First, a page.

Larry Lagut

Member for
9 years · 2 months · 8 days
Find a Grave ID
47613611

Bio

USING PERIOD IN THE MEMORIAL NAME

I got some imformation on how to use the period in the memorial name.

Dee Winter informed me on the rule by FAG of how to use the period in the name . Her personal rule , which is also my personal rule to which I tend to fellow is if the middle initial is use it advisable to put a period their.
Memorial Naming Conventions: Non-famous Memorials
If a hyphen, period or an apostrophe is part of the name, use the punctuation. If the full name is known, use the full name and not the initial. Suffixes, Prefixes, Titles, or honorary do not belong in any Name Field.

Middle Name
Middle name of deceased. Put the entire middle name (if known), even if the grave marker is only an initial.
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COINS LEFT ON TOMBSTONE

While visiting some cemeteries you may notice that headstones marking certain graves have coins on them, left by previous visitors to the grave.

These coins have distinct meanings when left on the headstones of those who gave their life while serving in America's military, and these meanings vary depending on the denomination of coin.

A coin left on a headstone or at the grave site is meant as a message to the deceased soldier's family that someone else has visited the grave to pay respect. Leaving a penny at the grave means simply that you visited.

A nickel indicates that you and the deceased trained at boot camp together, while a dime means you served with him in some capacity. By leaving a quarter at the grave, you are telling the family that you were with the solider when he was killed.

According to tradition, the money left at graves in national cemeteries and state veterans cemeteries is eventually collected, and the funds are put toward maintaining the cemetery or paying burial costs for Section
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From Find A Grave member LKat's profile page I have copied the following statement that I totally agree with. I do make an exception for a member of the military that has died during combat. That is the only case where I add the rank of a person buried in a national cemetery.

ADDING THE RANK TO A MEMORIAL
Use of one's former rank by non-retired military personnel is not a prescribed usage by the Department of Defense (DoD). Use of rank is reserved for career 20-year retirees -- with the intention that their use of the rank is for personal social use -- and is not for use subsequent civilian work-related situations.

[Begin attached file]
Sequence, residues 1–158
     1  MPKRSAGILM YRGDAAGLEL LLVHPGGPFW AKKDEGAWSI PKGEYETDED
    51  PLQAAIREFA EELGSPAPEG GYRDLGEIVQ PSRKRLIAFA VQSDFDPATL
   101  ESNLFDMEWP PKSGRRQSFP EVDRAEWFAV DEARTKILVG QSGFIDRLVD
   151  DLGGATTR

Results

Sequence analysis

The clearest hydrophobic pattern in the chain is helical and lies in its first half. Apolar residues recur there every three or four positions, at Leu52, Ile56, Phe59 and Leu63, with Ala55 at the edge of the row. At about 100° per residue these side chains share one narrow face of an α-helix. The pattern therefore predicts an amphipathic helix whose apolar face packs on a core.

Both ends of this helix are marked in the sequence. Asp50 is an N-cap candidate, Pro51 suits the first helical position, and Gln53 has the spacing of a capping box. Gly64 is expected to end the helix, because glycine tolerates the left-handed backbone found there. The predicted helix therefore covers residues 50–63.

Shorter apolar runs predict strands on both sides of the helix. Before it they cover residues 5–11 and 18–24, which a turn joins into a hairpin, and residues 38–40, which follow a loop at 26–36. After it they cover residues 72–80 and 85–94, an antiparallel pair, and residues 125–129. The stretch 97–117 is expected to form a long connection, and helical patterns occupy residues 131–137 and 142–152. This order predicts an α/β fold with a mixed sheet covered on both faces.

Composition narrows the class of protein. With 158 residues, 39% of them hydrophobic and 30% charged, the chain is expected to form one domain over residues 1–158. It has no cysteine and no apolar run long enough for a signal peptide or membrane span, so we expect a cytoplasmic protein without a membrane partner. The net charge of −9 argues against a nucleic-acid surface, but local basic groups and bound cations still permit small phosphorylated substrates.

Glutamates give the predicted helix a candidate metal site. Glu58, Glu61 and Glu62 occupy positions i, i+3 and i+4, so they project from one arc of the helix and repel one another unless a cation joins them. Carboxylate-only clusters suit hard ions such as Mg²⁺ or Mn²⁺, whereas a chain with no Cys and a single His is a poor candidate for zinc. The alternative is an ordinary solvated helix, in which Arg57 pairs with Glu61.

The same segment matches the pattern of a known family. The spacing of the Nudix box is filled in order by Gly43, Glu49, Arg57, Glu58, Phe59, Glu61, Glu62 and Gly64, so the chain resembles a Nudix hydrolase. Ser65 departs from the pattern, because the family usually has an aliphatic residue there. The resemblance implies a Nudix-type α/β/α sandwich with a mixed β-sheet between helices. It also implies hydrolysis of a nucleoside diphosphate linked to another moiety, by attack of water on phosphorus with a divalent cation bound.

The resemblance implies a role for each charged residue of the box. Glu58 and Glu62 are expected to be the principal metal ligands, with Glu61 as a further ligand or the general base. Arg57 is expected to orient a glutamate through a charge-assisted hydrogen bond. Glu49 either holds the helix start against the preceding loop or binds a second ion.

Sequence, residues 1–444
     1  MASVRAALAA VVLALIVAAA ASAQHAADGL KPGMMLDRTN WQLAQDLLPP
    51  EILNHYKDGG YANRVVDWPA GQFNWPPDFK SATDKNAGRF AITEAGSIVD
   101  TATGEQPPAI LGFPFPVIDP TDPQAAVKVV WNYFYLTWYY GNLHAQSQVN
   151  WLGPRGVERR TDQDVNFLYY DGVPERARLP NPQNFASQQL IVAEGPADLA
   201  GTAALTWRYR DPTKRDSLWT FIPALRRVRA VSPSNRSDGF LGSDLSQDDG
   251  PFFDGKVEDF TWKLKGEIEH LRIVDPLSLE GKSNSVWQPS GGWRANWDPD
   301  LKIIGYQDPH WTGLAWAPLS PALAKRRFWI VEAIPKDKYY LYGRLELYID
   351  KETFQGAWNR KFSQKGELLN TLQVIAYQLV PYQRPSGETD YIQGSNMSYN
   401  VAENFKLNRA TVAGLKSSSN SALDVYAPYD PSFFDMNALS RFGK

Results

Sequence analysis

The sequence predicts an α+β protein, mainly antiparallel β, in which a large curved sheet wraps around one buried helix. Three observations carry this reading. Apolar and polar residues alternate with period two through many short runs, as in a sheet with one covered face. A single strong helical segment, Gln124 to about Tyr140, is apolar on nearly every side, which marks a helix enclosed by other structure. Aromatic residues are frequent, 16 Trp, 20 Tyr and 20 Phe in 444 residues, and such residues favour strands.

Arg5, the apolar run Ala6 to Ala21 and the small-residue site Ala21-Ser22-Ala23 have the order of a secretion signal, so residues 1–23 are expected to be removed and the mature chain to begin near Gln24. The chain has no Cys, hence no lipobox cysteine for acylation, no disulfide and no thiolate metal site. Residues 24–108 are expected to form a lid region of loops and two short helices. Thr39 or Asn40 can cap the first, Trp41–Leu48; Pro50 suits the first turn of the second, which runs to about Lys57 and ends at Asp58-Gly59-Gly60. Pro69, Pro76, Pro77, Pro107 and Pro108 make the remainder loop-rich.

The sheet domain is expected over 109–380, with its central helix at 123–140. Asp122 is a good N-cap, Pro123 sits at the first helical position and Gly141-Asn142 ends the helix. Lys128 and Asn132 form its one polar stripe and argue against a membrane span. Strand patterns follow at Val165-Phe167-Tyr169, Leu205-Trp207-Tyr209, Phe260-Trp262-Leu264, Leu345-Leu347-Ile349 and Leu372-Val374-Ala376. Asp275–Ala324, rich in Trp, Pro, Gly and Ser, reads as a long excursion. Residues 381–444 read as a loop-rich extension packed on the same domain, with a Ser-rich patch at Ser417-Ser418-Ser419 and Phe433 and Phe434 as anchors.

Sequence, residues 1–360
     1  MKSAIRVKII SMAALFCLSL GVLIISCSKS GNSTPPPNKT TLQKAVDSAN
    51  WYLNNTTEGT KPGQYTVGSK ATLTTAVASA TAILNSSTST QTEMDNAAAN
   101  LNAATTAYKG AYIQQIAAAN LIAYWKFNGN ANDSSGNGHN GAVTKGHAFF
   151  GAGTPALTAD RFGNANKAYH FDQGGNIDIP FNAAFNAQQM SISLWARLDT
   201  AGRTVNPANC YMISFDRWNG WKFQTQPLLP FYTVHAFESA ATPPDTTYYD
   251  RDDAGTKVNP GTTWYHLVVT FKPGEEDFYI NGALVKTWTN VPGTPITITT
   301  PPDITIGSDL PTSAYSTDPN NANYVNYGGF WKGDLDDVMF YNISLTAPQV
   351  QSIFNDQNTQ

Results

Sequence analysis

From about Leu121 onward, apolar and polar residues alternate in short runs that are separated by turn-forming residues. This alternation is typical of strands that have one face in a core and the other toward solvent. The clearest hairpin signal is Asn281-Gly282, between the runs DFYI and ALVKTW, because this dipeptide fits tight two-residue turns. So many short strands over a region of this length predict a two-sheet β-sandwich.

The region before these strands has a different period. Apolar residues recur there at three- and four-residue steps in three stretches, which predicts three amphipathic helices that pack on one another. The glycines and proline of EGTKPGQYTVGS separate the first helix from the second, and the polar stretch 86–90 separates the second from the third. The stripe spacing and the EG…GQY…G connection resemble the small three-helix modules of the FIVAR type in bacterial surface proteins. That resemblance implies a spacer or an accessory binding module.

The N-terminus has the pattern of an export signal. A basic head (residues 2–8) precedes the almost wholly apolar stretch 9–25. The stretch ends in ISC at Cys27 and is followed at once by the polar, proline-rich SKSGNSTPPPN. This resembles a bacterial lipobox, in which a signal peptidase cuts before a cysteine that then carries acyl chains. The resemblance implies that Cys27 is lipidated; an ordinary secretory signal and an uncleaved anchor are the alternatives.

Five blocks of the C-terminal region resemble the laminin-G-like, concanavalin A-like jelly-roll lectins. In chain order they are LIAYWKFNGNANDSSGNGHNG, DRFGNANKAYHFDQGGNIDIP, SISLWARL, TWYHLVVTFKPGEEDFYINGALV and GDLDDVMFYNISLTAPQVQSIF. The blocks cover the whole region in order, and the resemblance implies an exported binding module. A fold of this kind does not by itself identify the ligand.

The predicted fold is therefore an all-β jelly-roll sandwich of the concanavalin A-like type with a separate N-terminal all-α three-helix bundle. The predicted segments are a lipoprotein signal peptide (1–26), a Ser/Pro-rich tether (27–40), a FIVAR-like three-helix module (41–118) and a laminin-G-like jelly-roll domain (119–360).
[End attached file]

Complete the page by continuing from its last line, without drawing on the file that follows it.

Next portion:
In a bio or in a resume the service to our nation would be included as
part of one's experience -- it's just using the rank as part of one's
name the DoD specifically prohibits.

THE BUGLER TAPS AT THE FUNERAL

all began in 1862 during the Civil War, when Union Army Captain Robert Elli was with his men near Harrison's Landing in Virginia. The Confederate Army was on the other side of the narrow strip of land.
During the night, Captain Elli heard the moans of a soldier who lay severely wounded on the field. Not knowing if it was a Union or Confederate soldier, the Captain decided to risk his life and bring the stricken man back for medical attention. Crawling on his stomach through the gunfire, the Captain reached the stricken soldier and began pulling him toward his encampment..
When the Captain finally reached his own lines, he discovered it was actually a Confederate soldier, but the soldier was dead.
The Captain lit a lantern and suddenly caught his breath and went numb with shock. In the dim light, he saw the face of the soldier. It was his own son. The boy had been studying music in the South when the war broke out.. Without telling his father, the boy enlisted in the Confederate Army.
The following morning, heartbroken, the father asked permission of his superiors to give his son a full military burial, despite his enemy status. His request was only partially granted.
The Captain had asked if he could have a group of Army band members play a funeral dirge for his son at the funeral.
The request was turned down since the soldier was a Confederate.
But, out of respect for the father, they did say they could give him only one musician.
The Captain chose a bugler. He asked the bugler to play a series of musical notes he had found on a piece of paper in the pocket of the dead youth's uniform.
This wish was granted.
The haunting melody, we now know as 'Taps' used at military funerals was born.
The words are:

Day is done.
Gone the sun.
From the lakes
From the hills.
From the sky.
All is well.
Safely rest.
God is nigh.

Fading light.
Dims the sight.
And a star.
Gems the sky.
Gleaming bright.
From afar.
Drawing nigh.
Falls the night.

Thanks and praise.
For our days.
Neath the sun
Neath the stars.
Neath the sky
As we go.
This we know.
God is nigh
I too have felt the chills while listening to 'Taps' but I have never seen all the words to the song until now. I didn't even know there was more than one verse . I also never knew the story behind the song and I didn't know if you had either so I thought I'd pass it along.
I now have an even deeper respect for the song than I did before.
Remember Those Lost and Harmed While Serving Their Country.
Also Remember Those Who Have Served And Returned; and for those presently serving in the Armed Forces.



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